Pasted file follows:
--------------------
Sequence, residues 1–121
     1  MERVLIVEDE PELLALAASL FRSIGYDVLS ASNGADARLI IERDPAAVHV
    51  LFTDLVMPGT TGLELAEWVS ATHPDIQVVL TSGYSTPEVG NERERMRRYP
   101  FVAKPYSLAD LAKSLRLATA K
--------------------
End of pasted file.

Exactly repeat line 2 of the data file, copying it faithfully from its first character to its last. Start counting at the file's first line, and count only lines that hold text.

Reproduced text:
     1  MERVLIVEDE PELLALAASL FRSIGYDVLS ASNGADARLI IERDPAAVHV